...but then don't teammate goal and again, making a bit of a generality across all the people and speaking to in in no industry is to get that engagement, is to get that open up the door business development for the cells get to come and sell the stuff. That's interesting your proception. Yeah, and I mean the thing is that we didn't really invent anything. We just asked the people, you know, and and when we asked and we run this survey, like, we're really impressed at the amount of different ways that people like would use to describe their world. Like one big surprise for us, for example, was that business developers work in product development, which it was not something like I kind of did that when I was in the startup and so, like I would always talk to everyone within the company, but I always thought like this, because it's me, you know, like you know, I kind of paved my way like that. But then, know, it turns out that business there's some type of business developers that actually their only job is to talk with the product development team. So they gather the feedback, they go back to the product development team, they work on features together, they launch them. The same for market entry, like there's some business developers that only work on opening up new markets. So they do market research, they do competitor analysis and so on for this new market and then they go and launch this new market. So it really it is a very complex field and there are so many different ways of doing it, of course. So my idea is that most of the times were actually wasting talent because I think, you know, as a BDR, Short your job can be to set meetings for your account executives or for your SDR or whatever else is closing these deals, or you could come up with new ways to close to find, you know, new opportunities. And to give an example, in two thousand and seventeen, which is then when I started thinking about the bad school, I was working for SAS company active in the recruitment, in the recruitment sector. So what we were doing at the beginnings, of course, we all read predictable revenue and so on. It was like, you know, you're going to be talking to, you know, low tiket people, which was already not the case because I will started, I was start getting big corporate so obviously very complex deals, as you were saying before, but basically my job became to operate a software. That was my job, you know, like I had the super sophisticated software. It's called Apollo Dot. I old they're still there. I didn't have to do anything then click send on an email which already was like okay, whatever, but because we were starting with the new segment and so on, we didn't really have any information about them. So what we would do was just like blasting these emails around, using time plates that we found on sale soccer and so on, like all the major, you know, industry leaders. But guess what, that didn't really work out. So at some point my frustration was growing. The first Saion of my manager was also growing. Is like, you know, feels like we're doing so much, but we were not really, because we were doing was just, you know, like keep repeating the same process that everybody else in the industry was doing, you know. So at some point I was I started getting closer and closer to the growth team. Eventually I became a sort of a hybrid role, so I was still in the safe team, but more towards the growth team, and there is really where I could have an impact, because I was like look, I see that everybody is doing webinars. Why don't we do a Webinar? And already there. I had to convince my boss, you know, to do it, but then we did it and we got eight hundred leads just on the Webinar. Four hundred people showed up at the Webinar and we sold the software like the first one, when we were still doing the Webinar, you know. So I was like, okay, look, I can send as many emails as I want, but look, if you just, you know, let me use my creativity a little bit more, I can come up with some new stuff, you know. And this new stuff, of course, they a'm from serving what's happening around you, which is a big part of the job of...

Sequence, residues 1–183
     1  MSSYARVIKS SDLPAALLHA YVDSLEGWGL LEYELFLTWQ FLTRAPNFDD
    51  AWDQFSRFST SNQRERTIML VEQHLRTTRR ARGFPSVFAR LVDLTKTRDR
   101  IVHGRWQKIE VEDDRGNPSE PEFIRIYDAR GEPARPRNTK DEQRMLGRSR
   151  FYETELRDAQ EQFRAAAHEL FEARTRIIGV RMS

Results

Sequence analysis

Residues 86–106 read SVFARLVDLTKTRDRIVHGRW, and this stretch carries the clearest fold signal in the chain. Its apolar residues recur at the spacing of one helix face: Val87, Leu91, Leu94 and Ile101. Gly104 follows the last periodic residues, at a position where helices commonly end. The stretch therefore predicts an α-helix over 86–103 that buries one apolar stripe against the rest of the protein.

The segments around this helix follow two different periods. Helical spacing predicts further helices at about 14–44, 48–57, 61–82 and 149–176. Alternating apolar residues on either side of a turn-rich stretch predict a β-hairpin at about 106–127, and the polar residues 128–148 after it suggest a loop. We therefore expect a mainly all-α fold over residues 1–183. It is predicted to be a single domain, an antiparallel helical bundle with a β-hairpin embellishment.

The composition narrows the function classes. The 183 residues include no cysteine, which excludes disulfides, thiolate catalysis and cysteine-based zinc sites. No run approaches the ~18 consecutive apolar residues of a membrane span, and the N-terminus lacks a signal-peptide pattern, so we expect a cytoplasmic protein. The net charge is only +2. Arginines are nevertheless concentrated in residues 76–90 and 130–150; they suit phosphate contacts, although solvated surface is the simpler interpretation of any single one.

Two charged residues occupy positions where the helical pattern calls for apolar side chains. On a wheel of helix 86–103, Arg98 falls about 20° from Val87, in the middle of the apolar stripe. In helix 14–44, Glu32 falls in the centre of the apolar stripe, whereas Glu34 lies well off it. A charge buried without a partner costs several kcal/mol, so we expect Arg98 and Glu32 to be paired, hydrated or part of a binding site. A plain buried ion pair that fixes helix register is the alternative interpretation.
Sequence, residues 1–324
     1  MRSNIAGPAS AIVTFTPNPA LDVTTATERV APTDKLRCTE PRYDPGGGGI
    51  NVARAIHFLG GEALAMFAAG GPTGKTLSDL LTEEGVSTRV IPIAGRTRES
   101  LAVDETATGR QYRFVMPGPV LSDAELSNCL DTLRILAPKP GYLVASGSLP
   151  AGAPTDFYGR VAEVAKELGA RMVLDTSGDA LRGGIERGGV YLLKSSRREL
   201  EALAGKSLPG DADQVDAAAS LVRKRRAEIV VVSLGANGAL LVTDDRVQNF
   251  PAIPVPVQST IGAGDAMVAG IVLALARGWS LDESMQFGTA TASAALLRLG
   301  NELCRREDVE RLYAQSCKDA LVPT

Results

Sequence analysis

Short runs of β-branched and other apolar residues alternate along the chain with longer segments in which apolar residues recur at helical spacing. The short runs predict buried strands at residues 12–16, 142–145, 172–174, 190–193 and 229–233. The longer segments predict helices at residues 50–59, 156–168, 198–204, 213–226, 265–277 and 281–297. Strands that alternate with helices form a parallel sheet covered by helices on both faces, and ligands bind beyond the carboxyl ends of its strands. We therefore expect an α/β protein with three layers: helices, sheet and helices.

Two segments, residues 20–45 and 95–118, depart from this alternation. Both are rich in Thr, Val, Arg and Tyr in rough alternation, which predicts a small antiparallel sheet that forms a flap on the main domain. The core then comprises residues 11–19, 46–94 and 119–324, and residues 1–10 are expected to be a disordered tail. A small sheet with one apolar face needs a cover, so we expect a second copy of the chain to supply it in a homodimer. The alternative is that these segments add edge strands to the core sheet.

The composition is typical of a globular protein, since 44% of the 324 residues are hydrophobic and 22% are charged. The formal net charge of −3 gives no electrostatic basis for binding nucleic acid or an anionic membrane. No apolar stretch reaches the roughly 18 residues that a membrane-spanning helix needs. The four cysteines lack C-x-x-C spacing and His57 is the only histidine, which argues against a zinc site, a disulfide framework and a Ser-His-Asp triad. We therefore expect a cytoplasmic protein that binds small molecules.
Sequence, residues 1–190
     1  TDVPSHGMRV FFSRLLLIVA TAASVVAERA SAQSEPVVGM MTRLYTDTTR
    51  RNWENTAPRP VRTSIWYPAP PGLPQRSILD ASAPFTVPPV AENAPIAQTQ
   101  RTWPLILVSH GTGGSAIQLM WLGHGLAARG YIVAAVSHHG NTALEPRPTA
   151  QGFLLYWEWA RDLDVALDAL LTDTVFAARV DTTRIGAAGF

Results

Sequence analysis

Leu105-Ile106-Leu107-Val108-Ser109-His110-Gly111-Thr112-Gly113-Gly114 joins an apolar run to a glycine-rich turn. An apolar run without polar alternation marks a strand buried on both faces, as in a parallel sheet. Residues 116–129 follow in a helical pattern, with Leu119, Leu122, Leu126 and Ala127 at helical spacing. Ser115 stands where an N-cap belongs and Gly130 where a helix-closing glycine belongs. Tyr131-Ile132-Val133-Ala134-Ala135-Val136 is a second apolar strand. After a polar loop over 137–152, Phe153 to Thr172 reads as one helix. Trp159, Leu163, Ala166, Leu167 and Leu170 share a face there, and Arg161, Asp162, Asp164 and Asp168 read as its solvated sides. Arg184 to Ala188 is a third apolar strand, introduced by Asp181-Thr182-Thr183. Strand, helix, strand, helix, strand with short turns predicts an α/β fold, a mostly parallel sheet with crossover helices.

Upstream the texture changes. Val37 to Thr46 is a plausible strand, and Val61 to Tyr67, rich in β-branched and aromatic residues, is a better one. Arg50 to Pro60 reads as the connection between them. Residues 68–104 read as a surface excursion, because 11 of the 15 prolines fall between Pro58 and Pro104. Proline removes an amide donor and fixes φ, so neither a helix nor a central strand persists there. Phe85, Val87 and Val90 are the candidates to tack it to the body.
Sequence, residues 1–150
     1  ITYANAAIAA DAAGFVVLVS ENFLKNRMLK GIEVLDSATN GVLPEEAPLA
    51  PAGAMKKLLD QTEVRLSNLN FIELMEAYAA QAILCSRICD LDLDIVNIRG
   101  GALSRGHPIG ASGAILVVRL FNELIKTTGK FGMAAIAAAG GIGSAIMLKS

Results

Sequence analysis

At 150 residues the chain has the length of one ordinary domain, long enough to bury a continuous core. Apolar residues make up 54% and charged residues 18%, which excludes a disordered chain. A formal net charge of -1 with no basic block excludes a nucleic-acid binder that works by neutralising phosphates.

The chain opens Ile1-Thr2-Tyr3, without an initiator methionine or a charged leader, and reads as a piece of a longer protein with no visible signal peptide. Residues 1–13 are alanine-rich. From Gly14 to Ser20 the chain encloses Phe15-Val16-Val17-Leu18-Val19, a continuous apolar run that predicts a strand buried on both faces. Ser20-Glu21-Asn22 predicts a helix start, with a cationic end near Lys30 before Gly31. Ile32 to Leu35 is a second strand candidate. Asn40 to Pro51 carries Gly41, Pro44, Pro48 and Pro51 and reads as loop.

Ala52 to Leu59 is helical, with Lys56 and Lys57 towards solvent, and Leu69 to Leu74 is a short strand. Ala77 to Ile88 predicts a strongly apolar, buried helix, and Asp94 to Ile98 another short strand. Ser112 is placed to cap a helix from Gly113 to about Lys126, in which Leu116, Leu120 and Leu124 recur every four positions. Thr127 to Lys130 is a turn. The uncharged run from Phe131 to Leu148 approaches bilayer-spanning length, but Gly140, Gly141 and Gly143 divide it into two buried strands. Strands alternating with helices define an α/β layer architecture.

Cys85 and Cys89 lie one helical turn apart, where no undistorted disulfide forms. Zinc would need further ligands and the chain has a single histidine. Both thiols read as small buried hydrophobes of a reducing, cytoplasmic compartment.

...the business developer. Then yeah, right. I feel sometimes we waste a bit of talent because like a look, it's like this, just send emails and like, okay, but there is more, you know, I know what you mean. We get we get the question, as Cofer knows, pretty much as soon as you start a conversation, sometimes when new prospect as to what's your technology stack. Okay, before we speak about technology, at which what stage are you at? You know, because, as you mentioned, there is so many companies that want to automate and scale business development sells development team that, you know, they get to the point where they just want to to send emails and put things and look at and the things at the beginning. I don't think it's a number of game. I think at the beginning what you've got to do is to defend the blueprint, and defining the blueprint means okay, well, this is our stuff, right, so we could we said at all that stuff too. So first of all, let's let's look at the companies that are like you and let's not waste time with people who in that organization at home by Oste. Let me need to look at the people in this organization, at our susceptible to buy your stuff, and when you find them, you've got to really understand what their role is. I need to under some not how your very proposition will fit into them, but what's their actual issues. And when you engage with them, you got to speak about of their issues, because they don't care about your new product. There's a thousand coming out every day. So it's about explaining to clients they will look. You want to bring the automation, but we don't have it's like if you bring the build of before the architect the exactly to the fantastic bulder and if you had a blood really would have. You would have, you could you know you would have built up a structure. So incredible. But now insense is laying bricks, because that's so and I completely understone what you're saying now, from your perspective, what makes a Great Business Development Professional? What are the qualities that those people should have? Actually that that that's a good question. I love that so and I can answer you from something we created at the bat school, which is the socalled the now famous in our community club framework. Like litter, lap, clap, like clapping. We even have a small like jingle which is clappy like it's out, clapp it like it's up. But that's Internet. But I do say to our see. So basically, like we found out when we're doing our research. So we really try to, you know, understand like business developers really inside out and we wanted to know everything. I was in an advantage position because I've been doing this job for a long time, so of course I had a lot of insights on my own, but I'm also the kind of person that, you know, needs to see the data. You know, it was like, I don't trust my own experience only. So what we did basically we started analyzing some friends that work in Business Development and then we ask question to about like a thousand business developers, or in the first year only, and that just kept growing and we identified four main personality traits of very successful business developers and these then week what we created the club framework based on that and and we think like we think we've seen it with with our connections. They're really the form most essential things that you need and if you had those four things, then you can build upon that all the time. These are creativity. So good business developers are very creative because, of course, like coming up with new growth opportunity requires, you know, having open mind and thinking out of the box. And Not surprisingly, more not surprisingly, most of the managers we talked to now that we're doing research for companies, they all want proactive business developers, thinking out of the box and so on. that. The other one is learning, a gdt. As a business developer you need to love learning. Like, if you don't...